PEi Connect provides a brief look at what got our attention during the week (22-29 July), and first up we consider that Japan’s Ministry of Economy, Trade and Industry has raised the country’s non-fossil fuel energy target, including renewable and nuclear energy, to 60% of total production by 2030.
Renewables versus nuclear in Japan
On the eve of the Olympic Games in Tokyo, the Japanese government presented a draft of a new energy plan. According to the new plan, renewables will provide 36%-38% of electricity supply in 2030, doubling the 2019 target of 18% and the nuclear power target will remain unchanged at 20%-22%. However, experts are questioning whether the ambitious plan is feasible in the given timeline and whether the country’s growing anti-nuclear sentiment might stand in the way of reaching nuclear power targets. Read more.
Is the world really ready for hydrogen?
A paper published by the World Energy Council, in partnership with EPRI and PwC, explores the tangled nature of hydrogen supply and demand, the different strategies being employed around the world, and the varying maturity of technologies, creating a complex landscape in which to develop a hydrogen economy.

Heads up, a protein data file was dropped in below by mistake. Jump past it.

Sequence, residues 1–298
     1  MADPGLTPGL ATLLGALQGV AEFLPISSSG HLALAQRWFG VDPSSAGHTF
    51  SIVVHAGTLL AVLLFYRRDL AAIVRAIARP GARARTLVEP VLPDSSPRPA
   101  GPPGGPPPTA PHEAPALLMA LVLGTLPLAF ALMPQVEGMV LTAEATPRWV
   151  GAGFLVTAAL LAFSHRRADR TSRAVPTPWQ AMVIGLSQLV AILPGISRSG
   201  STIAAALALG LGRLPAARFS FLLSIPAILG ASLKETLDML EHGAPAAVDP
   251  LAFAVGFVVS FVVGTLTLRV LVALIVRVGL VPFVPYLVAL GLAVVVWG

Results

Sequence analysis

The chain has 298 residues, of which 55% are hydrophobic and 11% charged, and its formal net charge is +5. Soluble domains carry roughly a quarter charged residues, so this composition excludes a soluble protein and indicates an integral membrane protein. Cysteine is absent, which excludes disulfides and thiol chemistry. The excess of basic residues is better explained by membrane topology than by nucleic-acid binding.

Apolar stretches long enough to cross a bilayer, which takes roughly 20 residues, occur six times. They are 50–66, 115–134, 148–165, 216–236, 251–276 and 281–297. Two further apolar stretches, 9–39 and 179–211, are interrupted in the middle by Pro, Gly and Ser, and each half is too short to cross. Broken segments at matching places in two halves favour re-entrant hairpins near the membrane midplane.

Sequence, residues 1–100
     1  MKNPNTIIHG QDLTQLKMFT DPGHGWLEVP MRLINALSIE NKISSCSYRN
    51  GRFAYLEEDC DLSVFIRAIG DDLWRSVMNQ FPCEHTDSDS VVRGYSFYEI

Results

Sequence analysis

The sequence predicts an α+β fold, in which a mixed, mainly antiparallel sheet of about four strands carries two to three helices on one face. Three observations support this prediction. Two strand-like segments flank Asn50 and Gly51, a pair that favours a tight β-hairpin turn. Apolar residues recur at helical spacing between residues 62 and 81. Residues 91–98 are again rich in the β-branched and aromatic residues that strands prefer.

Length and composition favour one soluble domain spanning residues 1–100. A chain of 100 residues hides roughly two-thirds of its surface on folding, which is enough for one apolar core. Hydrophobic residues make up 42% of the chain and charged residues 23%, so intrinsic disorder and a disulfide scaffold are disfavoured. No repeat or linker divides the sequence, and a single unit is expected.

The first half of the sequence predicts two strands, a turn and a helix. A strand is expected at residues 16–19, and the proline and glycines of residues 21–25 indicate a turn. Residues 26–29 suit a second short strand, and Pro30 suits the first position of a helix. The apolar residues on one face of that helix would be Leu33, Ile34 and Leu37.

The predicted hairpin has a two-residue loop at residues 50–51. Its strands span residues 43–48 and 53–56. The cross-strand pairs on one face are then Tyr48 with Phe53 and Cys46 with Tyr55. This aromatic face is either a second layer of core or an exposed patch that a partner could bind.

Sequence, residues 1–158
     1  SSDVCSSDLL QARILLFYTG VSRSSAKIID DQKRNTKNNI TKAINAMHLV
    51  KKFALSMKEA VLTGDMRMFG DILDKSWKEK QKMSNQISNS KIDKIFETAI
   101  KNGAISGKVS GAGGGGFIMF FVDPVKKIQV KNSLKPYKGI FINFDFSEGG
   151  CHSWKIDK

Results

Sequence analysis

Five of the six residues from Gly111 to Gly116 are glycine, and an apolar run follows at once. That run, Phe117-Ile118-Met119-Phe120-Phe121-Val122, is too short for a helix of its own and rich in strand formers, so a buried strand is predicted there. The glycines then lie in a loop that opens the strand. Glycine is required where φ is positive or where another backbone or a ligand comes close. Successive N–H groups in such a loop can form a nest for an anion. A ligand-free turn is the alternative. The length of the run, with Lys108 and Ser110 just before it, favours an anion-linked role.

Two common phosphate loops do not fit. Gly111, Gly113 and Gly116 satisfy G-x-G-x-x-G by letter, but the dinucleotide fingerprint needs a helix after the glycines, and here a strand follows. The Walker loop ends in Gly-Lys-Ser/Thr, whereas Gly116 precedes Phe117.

You can read more about the paper or click below to listen to an interesting debate about how ready we are (or aren’t) for our hydrogen-fuelled future.
If you are following the ITER nuclear fusion project, then you’ll be pleased to note the launch of ITER Talks, episodes designed to keep you in the know about all project developments and engineering nitty gritty.
AI proves its worth in driving efficiency
A research team led by Dr Georgina Cosma and postgraduate student Kareem Ahmed, of Loughboroughà¢€â„¢s School of Science, now claims to have designed and trained an AI model that can predict building emissions rate values of non-domestic buildings in less than a second (yes, you read that correctly), with as few as 27 variables with little loss in accuracy.
Building emissions rates are an important component of calculating energy performance and efficiency in buildings. They are required for the completion of a buildingà¢€â„¢s energy performance certificate (EPC). Read more about this system.
Olympics fun fact
Did you know that the Olympic flame burning at Tokyoà¢€â„¢s National Stadium is sustained by hydrogen, the first time in Olympic history?
Previous flames have burned using propane, and magnesium, resin and olive oil have also been used since the flame was ignited for the Amsterdam Games in 1928.
Connect with us next week for another selection of interesting sector news.
Until then, take care, stay safe and power on.
The PEi Ed team 🙂